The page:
What does polybrominated diphenyl ethers do to you?

What does polybrominated diphenyl ethers do to you?

What are the routes of exposure and the potential health effects of PBDEs? ❖ Studies in rats and mice show that PBDEs cause neurotoxicity, developmental neurotoxicity, reproductive toxicity, thyroid toxicity, immunotoxicity, liver toxicity, pancreas effects (diabetes) and cancer (penta and decabromodiphenyl ether).

Where is polybrominated diphenyl ethers used?

Polybrominated diphenyl ethers (PBDEs) are a group of man-made organobromine compounds. They have been used as flame retardants in polyurethane foams in upholstery and in polymer resins and plastics used as components in electrical equipment.

When were PBDEs first used?

PBDEs are a class of flame retardants that were introduced in the 1970s, with levels increasing exponentially in the environment, wildlife, and humans. They are structurally similar to PCBs.

What are PBDEs found in?

PBDEs are found in a variety of consumer products, from TVs and toasters to mattresses and drapes. These chemicals are intended to slow the rate of ignition and fire growth, allowing people more time to escape from a fire or extinguish it.

Are PBDEs banned in the US?

Brominated flame retardant chemicals, banned in the U.S. since 2004, still pollute the bodies of newborn American babies, according to a new study from Indiana University scientists. Polybrominated diphenyl ethers, or PBDEs, were once widely used in products including furniture foam and electronics.

Are PBDEs still in use?

Flame retardant manufacturers in the U.S. voluntarily stopped producing the PentaBDE (used in furniture foam) and OctaBDE (used in electronic products) varieties of PBDEs in 2004 and have begun producing alternative flame retardants; however, DecaBDE continues to be produced and used in the U.S., primarily in …

Where can PBDEs be found?

Is PBDE banned in Canada?

PBDEs have been widely used since the 1970s; however, due to their persistence in the environment, the manufacturing of PBDEs has been banned and the import, use and sale of PBDEs found in commercial mixtures of greatest concern (penta- and octaBDE) have been restricted in Canada since 2008 and in the US since the end …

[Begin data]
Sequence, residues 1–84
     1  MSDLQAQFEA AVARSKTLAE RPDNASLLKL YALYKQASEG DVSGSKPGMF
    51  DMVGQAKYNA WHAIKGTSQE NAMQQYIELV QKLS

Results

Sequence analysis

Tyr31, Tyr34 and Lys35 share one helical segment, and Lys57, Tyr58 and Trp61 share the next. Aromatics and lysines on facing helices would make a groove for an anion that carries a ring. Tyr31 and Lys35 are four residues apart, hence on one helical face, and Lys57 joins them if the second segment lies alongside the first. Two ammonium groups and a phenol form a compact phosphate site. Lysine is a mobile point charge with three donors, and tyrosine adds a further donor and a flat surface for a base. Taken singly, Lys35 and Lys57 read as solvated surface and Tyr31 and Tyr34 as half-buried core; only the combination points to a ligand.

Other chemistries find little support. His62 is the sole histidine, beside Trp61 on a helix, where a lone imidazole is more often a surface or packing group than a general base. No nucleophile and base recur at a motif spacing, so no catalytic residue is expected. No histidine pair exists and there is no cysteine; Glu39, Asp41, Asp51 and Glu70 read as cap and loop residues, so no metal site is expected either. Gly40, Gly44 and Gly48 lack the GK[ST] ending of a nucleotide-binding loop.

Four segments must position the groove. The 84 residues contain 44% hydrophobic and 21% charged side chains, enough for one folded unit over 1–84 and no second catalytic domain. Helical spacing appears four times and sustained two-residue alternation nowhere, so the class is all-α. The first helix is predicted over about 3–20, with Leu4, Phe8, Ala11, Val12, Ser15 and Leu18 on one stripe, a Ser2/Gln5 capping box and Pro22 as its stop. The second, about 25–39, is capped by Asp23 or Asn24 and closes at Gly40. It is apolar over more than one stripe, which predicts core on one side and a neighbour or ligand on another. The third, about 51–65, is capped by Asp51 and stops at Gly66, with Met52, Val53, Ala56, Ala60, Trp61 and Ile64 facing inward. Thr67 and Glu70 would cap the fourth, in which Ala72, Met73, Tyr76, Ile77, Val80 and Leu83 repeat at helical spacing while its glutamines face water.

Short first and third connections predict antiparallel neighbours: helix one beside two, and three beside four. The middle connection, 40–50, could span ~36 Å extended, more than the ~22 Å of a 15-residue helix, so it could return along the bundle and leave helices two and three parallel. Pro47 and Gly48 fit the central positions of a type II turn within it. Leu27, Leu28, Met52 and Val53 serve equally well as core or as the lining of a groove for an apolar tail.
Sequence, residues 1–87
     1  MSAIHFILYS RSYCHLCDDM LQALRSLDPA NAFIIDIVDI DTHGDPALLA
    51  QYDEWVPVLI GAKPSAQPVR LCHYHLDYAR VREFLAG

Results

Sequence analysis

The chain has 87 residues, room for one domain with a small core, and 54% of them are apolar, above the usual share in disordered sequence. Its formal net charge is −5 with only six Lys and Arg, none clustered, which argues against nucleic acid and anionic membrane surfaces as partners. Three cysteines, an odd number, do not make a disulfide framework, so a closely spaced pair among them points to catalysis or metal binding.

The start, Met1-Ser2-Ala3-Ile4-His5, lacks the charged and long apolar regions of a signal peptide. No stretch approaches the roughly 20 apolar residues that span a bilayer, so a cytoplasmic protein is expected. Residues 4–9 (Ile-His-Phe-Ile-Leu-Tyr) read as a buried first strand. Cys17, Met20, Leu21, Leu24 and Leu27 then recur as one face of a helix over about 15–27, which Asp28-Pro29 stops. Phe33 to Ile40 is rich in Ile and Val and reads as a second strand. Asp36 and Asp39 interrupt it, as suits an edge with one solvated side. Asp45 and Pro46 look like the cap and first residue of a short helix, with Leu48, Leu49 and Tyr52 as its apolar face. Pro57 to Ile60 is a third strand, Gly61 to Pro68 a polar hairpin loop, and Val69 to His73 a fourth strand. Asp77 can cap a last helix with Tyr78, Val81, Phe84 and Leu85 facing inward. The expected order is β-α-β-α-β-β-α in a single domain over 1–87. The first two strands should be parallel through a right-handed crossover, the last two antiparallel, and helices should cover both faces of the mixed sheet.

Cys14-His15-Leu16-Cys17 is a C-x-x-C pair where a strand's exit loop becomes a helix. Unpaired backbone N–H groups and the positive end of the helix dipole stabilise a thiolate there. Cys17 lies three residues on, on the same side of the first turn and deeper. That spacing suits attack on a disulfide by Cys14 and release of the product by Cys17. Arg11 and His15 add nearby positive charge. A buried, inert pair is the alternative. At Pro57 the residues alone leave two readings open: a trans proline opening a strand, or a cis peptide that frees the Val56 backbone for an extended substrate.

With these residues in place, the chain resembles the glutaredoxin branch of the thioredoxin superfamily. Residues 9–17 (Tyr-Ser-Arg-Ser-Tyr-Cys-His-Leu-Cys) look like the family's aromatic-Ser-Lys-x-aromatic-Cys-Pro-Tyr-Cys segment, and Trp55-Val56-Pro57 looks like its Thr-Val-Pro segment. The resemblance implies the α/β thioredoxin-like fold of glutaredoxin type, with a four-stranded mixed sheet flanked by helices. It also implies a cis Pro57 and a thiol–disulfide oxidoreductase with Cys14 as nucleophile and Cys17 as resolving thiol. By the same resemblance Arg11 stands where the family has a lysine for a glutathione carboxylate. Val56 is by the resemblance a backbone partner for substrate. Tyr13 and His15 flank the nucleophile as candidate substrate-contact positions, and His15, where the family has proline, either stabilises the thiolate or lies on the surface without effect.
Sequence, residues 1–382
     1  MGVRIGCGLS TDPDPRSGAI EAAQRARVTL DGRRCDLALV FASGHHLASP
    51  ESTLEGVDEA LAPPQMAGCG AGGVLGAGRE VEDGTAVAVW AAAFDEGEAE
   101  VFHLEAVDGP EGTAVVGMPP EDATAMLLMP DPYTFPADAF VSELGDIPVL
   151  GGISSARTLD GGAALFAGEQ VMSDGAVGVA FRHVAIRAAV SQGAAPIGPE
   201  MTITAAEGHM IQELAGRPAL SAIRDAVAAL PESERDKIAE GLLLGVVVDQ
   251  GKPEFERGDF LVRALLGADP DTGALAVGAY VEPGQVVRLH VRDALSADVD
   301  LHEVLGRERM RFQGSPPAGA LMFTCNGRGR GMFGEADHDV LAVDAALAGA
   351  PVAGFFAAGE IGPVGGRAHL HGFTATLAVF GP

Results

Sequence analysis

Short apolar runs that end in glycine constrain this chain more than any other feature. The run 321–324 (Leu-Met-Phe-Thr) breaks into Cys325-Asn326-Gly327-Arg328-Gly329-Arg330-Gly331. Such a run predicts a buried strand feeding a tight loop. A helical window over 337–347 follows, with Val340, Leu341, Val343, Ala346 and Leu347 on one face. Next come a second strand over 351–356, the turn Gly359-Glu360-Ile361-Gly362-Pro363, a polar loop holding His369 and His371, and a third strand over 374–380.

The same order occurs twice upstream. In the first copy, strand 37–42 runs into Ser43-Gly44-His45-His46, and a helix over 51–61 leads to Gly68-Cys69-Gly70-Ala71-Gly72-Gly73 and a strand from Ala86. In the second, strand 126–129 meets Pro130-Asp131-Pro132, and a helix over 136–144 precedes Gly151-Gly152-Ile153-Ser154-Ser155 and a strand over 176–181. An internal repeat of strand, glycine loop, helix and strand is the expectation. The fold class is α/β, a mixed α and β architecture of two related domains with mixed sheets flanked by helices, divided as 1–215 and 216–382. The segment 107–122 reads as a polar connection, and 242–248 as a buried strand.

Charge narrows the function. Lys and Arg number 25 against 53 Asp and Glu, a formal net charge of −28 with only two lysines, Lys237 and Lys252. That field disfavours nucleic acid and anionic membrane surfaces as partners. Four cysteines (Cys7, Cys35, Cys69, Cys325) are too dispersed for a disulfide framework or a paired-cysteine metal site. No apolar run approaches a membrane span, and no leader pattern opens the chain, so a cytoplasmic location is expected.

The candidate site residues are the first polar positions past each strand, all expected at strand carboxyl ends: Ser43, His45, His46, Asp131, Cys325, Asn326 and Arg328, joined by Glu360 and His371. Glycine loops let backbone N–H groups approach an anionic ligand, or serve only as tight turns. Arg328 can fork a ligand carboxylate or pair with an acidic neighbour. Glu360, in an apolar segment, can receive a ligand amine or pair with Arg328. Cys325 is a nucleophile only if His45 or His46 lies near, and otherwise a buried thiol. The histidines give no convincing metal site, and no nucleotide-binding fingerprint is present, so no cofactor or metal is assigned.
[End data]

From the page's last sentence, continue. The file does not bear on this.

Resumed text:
Is flame retardant harmful to humans?

Flame Retardants have been shown to cause neurological damage, hormone disruption, and cancer. One of the biggest dangers of some flame retardants is that they bioaccumulate in humans, causing long-term chronic health problems as bodies contain higher and higher levels of these toxic chemicals.

What are polybrominated diphenyl ethers (PBDEs)?

Polybrominated diphenyl ethers (PBDEs) include the commercial versions of pentabromodiphenyl ether (c-pentaBDE), octabromodiphenyl ether (c-octaBDE), and decabromodiphenyl ether (c-decaBDE). Each of these commercial products is a mixture composed of several PBDE congeners.

Is pentabromo and PBDE the same?

PBDEs are sold as mixtures, under names such as “pentabromodiphenyl ether” and “octabromodiphenyl ether.” The pentabromo product is a mixture of tetra-BDEs and penta-BDEs in approximately equal amounts. Pentabromo consists of PBDEs that are believed to be the most toxic.

Are PBDEs toxic to children?

The toxicology of PBDEs is not well understood, but PBDEs have been associated with tumors, neurodevelopmental toxicity and thyroid hormone imbalance. The neurotoxic effects of PBDEs are similar to those observed for PCBs. Children exposed to PBDEs are prone to subtle but measurable developmental problems.

What is the study of brominated flame retardants?

The study of brominated flame retardants is one of CREDO’s four core projects. Polybrominated diphenyl ethers (PBDEs) are used in paints, plastics, foam furniture padding, textiles, rugs, curtains, televisions, building materials, airplanes and automobiles.

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